This is the difference between a Chinese ebike and an American ebike: ours are built for the joy of riding. Well, ours are also about a thousand dollars more expensive, but that’s beside the point. All of the things that I loved about my daily commute in China, I’ve rediscovered with my electric bike in America. I’m exploring my community, meeting people, staying in shape and getting the additional rush of riding faster and farther than ever.

Having gotten back into my groove, I’ve decided I like a 36v ride more than a 48v ride. Barring torque sensors or 48v configurations that are intended to increase range (like Bionx kits), I feel like 48v ebikes accelerate too quickly to retain the qualities of a bicycle. I’m not saying they aren’t fun. They’re great fun. I’m simply saying they quickly take the rider out of the equation. The intrinsic joy that I get from riding a bicycle doesn’t commute these bad boys.

I want my pedaling to contribute to my cycling experience. I want to get a work out. I want to sweat a little (but not a lot). While hitting warp speed at the twist of the throttle is great fun, it’s not really like riding a bicycle. The discrepancy between pedaling and throttling is too large. I would eventually rely too much on the throttle and become a “drone”. With a 36v ebike, I can find that nice balance between motor and muscle. No distance is too far. No hill is too steep, but I’m still finding that joy of riding a bike.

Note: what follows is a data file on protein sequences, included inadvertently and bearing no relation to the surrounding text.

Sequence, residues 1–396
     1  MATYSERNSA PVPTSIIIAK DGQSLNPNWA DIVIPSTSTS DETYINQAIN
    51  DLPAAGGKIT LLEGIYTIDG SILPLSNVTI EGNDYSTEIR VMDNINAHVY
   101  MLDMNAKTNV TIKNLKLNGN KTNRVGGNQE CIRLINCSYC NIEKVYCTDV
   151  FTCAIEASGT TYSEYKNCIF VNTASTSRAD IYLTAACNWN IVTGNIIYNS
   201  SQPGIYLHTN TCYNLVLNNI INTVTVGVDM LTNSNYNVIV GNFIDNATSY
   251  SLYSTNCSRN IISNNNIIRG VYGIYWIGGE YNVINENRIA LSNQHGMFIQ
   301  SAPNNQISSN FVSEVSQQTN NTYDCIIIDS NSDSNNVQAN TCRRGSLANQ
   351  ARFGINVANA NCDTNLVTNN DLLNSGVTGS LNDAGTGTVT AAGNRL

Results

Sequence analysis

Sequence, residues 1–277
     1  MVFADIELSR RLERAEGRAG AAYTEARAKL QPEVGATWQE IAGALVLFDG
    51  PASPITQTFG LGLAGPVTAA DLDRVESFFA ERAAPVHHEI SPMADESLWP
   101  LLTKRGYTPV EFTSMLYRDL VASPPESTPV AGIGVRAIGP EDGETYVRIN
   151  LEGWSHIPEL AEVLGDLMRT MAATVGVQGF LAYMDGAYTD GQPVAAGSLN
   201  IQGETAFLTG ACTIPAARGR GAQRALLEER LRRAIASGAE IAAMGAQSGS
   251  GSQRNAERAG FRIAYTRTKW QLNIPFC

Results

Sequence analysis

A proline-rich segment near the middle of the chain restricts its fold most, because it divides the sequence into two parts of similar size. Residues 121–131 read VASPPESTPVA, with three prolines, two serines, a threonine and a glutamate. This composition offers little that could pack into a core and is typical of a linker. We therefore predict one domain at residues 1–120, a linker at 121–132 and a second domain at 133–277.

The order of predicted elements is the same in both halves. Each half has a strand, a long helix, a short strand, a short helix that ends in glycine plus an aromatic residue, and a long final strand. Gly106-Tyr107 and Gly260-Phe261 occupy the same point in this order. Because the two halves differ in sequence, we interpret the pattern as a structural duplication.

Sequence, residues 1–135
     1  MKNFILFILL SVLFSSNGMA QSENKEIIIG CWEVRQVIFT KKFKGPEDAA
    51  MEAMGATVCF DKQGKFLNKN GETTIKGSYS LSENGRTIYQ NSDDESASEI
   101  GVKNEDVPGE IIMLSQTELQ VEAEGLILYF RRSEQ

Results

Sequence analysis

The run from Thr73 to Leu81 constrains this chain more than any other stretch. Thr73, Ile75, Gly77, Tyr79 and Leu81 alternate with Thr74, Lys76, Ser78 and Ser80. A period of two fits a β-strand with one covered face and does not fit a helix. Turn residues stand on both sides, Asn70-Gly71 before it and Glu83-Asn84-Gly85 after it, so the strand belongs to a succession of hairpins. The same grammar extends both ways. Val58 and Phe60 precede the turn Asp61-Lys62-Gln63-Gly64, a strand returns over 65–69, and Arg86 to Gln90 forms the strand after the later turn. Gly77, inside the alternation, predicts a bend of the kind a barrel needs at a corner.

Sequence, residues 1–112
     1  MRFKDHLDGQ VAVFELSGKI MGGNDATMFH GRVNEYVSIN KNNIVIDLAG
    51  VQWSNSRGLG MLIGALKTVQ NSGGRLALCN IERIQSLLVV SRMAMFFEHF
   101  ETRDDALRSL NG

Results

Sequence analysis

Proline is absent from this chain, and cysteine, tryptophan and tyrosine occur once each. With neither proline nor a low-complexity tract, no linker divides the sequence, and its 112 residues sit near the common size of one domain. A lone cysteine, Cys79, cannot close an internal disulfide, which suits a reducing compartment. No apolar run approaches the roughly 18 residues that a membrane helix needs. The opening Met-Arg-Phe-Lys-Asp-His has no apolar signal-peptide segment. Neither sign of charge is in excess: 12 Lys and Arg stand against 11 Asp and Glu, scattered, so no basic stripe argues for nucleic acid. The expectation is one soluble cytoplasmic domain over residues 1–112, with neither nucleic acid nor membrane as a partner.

It’s like comparing a stick shift to an automatic. One’s about getting to a destination, while the other is about enjoying the drive there. Actually, I think this analogy draws a larger correlation between European and American mindsets with ebikes. While a 25 km/hr limit is silly, I find the nuance in European design far more attractive than what we’re getting here. They’re building ebikes for a bicycle culture. We’re building ebikes for a fast food culture. Just because we can build a 48v 750w monster on two wheels with a throttle, does it mean we have the better bicycle? I’m all for American muscle, but most European motorists can look at a 67’ Ford Mustang and call it a driver’s car. Would a 48v throttle bike garner the same respect in European bicycle culture?

There are other advantages to buying 36v. For most brands you’re saving $400 by going 36v. Or you could spend $200 less and get a 15 amp hr battery and have better range. While 48v bikes do pull the hardest, 36v configurations can still offer lots of power. Trying a BH NEO or an E3 Zuma will quickly attest to that. But once you’ve set aside concerns about power, you’ll discover some true gems that offer great value and engaging rides, like the little known e-Joe Anggun.